Don’t go getting bored here, bear with me.
Under Section 29 of the 1998 Petroleum Act the owners of UKCS assets have joint and several liability for the decommissioning of the field at the end of its life. And this is entirely reasonable, it is there is to protect UK taxpayers.
To protect each other from default then, the Joint Venture (JV) that own the asset requires guarantees that each respective partner meets its obligations in this regard. In the early years of asset life there is lots of remaining value and therefore should a partner default or go bust, whatever, then the liquidators will sell the asset with its future obligations to a new partner. No problem there. But what happens if there is a risk the remaining value is less than the decommissioning liability?
Well a potential new buyer will need to consider the remaining value closely. And as a shrewd oil man/woman, you will certainly not be looking at the beautifully manicured Information Memorandum (IM) so laboriously produced by the diligent Investment Bank for the sales process. Now I admit, complete with its sumptuous graphics and easy flowing narrative it is a work of art. But no no. The existing partners will be worrying about the risks to the infill program their geologist whispered into their ear, the awful oil price scenarios corporate have made them run, the senior citizen offshore gas compressor with the dodgy ticker or the pipeline inspection which made the possibility of an aneurism lose everyone’s sleep. It is that scenario they will want to hang Section 29 on you with. Whatever goes wrong their job depends on making sure Section 29, or at least your piece of it, never comes over to haunt them.
Now suppose you are a savvy and battle-scarred North Sea buyer very familiar with all the wee tricks used to embellish the valuations in that mesmerising IM. You look at the Discounted Cash Flows (DCF) wandering gracefully across the page and you remember how, very properly, they reduce future cash flows at a discount rate that appropriately represents the risks of the investment being considered. Your trusting and loyal shareholders have put their money in your hands and you intend to spend it wisely. Wait. Then you notice that decommissioning bill at the end, and how it looks so insignificant. How is that possible? Oh oh. DCF doesn’t work with decommissioning. If there is more than one sign change in a DCF then there is potentially more than one solution to the problem, the French polynomial mathematician, Rene Descartes, demonstrated this (although it is unlikely he was thinking of Brent Delta, never mind a DCF at the time). And yes all that is outside the scope of this piece, I’ll just get on with it.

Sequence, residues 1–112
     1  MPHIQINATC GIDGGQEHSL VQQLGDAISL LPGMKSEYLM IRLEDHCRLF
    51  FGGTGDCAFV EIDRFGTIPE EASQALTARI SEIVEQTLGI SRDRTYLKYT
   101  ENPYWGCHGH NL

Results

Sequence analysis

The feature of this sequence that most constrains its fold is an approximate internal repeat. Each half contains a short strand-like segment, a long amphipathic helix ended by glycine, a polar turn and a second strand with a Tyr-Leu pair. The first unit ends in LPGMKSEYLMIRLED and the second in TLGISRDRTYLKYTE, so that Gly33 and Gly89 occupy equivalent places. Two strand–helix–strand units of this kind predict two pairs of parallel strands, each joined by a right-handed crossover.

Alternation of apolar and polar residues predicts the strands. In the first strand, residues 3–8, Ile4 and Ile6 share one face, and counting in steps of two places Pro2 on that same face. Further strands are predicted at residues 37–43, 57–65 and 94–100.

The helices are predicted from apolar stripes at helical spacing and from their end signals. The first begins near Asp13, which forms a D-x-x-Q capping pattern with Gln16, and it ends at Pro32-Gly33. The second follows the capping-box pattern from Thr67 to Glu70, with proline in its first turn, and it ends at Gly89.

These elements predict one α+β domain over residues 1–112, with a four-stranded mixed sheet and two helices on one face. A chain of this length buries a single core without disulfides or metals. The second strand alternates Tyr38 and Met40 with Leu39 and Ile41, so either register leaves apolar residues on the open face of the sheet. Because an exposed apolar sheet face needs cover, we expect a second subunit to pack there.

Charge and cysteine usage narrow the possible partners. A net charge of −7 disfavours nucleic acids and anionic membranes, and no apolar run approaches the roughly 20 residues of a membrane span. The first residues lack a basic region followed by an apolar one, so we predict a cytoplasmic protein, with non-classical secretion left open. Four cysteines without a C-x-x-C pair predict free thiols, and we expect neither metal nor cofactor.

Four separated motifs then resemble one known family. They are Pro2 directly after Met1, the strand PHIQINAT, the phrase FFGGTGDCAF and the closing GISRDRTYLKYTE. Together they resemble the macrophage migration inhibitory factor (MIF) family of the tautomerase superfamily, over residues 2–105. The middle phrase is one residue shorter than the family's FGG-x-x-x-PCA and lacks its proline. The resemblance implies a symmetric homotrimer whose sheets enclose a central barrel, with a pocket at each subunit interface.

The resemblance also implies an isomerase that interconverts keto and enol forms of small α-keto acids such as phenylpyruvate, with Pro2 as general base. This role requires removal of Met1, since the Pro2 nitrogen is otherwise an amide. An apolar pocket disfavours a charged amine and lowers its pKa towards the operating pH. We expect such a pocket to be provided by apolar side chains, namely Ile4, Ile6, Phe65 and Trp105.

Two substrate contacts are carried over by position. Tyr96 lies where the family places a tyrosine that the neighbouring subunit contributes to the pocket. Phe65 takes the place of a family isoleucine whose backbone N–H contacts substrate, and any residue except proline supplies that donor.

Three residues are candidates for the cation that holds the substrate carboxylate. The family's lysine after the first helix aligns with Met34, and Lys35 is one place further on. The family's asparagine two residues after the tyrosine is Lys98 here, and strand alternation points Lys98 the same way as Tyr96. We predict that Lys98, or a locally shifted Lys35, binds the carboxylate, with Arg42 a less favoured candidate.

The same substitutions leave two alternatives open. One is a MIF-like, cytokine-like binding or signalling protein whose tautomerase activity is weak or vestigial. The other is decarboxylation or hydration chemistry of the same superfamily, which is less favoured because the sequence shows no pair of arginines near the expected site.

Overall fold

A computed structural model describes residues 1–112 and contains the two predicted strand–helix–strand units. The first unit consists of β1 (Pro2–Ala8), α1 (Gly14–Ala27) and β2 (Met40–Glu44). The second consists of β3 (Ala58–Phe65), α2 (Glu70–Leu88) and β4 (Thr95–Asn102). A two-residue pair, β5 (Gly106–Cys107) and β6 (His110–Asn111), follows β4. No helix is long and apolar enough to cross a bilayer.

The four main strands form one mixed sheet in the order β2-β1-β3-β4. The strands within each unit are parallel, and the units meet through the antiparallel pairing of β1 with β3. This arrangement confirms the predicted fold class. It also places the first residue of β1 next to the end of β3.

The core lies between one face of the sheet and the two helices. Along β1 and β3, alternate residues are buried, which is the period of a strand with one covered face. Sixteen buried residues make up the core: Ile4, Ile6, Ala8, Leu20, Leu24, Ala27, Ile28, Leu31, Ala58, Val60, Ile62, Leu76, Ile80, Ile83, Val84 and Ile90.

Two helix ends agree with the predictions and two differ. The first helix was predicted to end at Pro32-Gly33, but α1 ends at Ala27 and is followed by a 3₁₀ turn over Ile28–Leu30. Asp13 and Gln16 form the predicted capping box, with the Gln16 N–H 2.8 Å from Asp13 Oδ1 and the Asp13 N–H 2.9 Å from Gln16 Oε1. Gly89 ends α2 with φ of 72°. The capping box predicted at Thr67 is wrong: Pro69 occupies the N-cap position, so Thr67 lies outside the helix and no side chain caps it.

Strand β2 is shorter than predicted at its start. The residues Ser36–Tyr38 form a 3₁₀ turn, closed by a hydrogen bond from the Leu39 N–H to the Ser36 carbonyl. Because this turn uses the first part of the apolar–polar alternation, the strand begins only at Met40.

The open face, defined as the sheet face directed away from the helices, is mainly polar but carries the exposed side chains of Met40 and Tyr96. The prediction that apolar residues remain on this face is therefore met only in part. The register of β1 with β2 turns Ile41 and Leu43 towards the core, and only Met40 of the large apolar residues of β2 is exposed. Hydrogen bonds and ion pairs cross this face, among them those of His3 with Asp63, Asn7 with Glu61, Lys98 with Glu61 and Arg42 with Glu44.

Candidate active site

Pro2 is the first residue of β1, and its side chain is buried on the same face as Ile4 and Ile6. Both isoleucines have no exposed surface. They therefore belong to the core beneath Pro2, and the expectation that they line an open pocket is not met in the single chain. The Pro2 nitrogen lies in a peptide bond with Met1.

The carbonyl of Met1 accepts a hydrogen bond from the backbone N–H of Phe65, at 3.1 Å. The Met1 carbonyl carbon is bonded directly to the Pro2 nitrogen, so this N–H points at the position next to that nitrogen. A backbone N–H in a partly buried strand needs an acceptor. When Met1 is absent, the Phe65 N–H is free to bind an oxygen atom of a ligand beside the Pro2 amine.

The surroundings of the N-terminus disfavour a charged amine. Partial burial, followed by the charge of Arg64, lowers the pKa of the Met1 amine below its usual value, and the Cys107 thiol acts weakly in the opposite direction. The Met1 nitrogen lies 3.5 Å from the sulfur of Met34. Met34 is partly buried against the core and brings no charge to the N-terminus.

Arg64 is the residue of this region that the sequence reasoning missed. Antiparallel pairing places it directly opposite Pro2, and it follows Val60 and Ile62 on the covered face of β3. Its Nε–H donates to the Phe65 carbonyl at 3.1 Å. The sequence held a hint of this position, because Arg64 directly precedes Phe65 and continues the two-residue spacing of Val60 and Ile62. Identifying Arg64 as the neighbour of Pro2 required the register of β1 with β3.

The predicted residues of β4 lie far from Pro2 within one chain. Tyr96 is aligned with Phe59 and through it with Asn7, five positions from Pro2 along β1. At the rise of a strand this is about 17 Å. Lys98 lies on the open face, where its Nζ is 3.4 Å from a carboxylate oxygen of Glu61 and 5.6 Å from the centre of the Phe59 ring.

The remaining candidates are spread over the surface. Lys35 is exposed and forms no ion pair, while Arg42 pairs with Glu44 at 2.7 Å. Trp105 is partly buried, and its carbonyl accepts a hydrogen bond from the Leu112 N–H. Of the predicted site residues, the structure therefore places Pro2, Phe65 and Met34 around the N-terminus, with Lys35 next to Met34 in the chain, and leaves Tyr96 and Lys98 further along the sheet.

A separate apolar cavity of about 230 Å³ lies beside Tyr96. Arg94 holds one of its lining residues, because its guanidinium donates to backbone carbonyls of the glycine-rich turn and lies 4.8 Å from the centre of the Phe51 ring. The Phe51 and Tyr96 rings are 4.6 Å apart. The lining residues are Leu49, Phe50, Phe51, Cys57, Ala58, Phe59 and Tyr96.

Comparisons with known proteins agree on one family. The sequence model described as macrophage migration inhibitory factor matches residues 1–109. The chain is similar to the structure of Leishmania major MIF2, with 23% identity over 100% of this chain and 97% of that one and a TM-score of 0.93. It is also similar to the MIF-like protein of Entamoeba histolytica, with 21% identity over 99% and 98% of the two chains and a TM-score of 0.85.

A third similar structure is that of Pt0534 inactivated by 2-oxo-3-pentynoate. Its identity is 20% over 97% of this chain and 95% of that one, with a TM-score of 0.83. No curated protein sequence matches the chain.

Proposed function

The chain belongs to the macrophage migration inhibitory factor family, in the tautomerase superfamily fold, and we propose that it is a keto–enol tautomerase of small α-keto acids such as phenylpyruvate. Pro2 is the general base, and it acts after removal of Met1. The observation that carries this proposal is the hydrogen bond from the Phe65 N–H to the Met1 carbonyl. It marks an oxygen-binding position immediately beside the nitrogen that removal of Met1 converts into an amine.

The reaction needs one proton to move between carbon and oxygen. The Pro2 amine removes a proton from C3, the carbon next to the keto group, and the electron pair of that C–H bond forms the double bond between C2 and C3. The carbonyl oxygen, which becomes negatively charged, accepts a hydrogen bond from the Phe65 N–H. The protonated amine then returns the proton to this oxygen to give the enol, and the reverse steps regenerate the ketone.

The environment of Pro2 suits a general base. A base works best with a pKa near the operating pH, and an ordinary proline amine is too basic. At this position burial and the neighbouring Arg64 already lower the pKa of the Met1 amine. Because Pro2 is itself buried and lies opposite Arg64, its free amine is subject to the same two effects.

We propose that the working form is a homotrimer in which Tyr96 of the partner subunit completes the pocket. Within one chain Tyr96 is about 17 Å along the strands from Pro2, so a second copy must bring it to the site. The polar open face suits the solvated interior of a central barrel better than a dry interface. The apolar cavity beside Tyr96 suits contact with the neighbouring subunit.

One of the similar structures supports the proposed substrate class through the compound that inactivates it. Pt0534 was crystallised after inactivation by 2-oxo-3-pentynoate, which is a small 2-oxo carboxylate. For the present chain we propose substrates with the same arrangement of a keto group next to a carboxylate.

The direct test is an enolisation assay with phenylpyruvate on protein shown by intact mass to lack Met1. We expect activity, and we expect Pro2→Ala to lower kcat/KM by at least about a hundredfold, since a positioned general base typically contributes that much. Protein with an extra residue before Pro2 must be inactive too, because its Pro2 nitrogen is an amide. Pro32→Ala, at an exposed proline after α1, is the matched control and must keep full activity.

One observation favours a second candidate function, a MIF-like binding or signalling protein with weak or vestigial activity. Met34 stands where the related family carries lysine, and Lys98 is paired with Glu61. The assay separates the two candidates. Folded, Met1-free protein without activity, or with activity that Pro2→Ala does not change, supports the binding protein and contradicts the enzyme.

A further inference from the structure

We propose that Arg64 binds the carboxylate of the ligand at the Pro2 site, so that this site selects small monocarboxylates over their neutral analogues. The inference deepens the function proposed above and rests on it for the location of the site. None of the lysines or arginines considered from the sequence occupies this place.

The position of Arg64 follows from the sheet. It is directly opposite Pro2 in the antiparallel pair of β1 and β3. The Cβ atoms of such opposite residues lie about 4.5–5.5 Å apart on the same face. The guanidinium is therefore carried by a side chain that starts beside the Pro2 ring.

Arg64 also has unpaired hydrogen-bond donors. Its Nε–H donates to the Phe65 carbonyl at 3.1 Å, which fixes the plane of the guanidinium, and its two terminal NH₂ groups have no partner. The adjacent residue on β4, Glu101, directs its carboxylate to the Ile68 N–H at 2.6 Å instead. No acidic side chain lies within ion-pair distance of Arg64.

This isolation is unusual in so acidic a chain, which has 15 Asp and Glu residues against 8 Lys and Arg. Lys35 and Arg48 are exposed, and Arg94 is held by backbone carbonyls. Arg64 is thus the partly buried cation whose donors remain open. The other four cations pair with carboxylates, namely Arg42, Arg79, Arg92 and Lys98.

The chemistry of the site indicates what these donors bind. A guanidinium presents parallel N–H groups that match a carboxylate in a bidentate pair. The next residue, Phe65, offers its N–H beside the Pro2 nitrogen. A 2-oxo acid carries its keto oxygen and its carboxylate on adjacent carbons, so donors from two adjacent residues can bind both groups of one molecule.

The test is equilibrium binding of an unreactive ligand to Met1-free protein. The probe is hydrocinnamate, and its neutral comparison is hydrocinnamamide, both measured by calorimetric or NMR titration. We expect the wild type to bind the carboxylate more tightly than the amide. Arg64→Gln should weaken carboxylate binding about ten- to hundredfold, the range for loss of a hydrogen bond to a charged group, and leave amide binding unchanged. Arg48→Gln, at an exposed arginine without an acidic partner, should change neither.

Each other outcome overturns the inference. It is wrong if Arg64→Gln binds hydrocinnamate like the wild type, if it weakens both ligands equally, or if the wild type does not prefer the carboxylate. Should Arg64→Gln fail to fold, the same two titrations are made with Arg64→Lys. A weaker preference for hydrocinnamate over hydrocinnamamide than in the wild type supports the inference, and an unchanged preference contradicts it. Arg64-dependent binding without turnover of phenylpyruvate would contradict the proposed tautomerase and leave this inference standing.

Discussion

You use the Extended Yield Method to deal with this hocus pocus. Your valuation model has a sinking fund of the later year cash flows that properly models the much more modest returns (if any) your sinking fund yields as it hoovers-up the sunset years of cash flow from the asset to ensure you can cover your bit of the assets funeral expenses. Only one sign change now, DCF is back in the game my friends.
I can tell you’re getting restless. Does all this make much of a difference, or am I just risking your ire on a geeky piece of mathematical purity? Well if it is a big field potentially this isn’t a major issue, at least not today anyway. The chart below shows two cash flows for the same project from year zero to end of field life.
The green line is the cash flow unadjusted. The blue line has a sinking fund to cover the decommissioning liabilities. The IRR of these two cash flows are 19.97% and 19.24% respectively. Not huge I admit, but what if a new partner enters the same project in a later year? The second chart below, with the same cash flows as above, shows the difference in NPV for each differing treatment depending on which year one enters the project. Hope you haven’t used the unadjusted method, if you have you’ve just made a couple of Investment Bankers high-five and roar with laughter, and that’s never a good sign.
But seriously, more and more assets are entering this twilight zone so this is now a very big deal for the North Sea today.
Finally, what if there is not enough positive cash flow left to cover the decommissioning? Well then you’ll need to prove you’re good for the money, and a friendly Investment Bank will provide a Letter of Credit secured against your other assets for that. Oh and charge you 7% for the privilege, more profit down the drain. Oh, and by the way, given you’ve now secured those decommissioning liabilities against them, your borrowing base has been shot to pieces.
It simply doesn’t work. That is why companies cannot buy only mature assets and cope with their decommissioning liabilities. And the companies that can cope? They are probably the ones trying to sell.
Oberon Houston is managing director at Starcap Energy.
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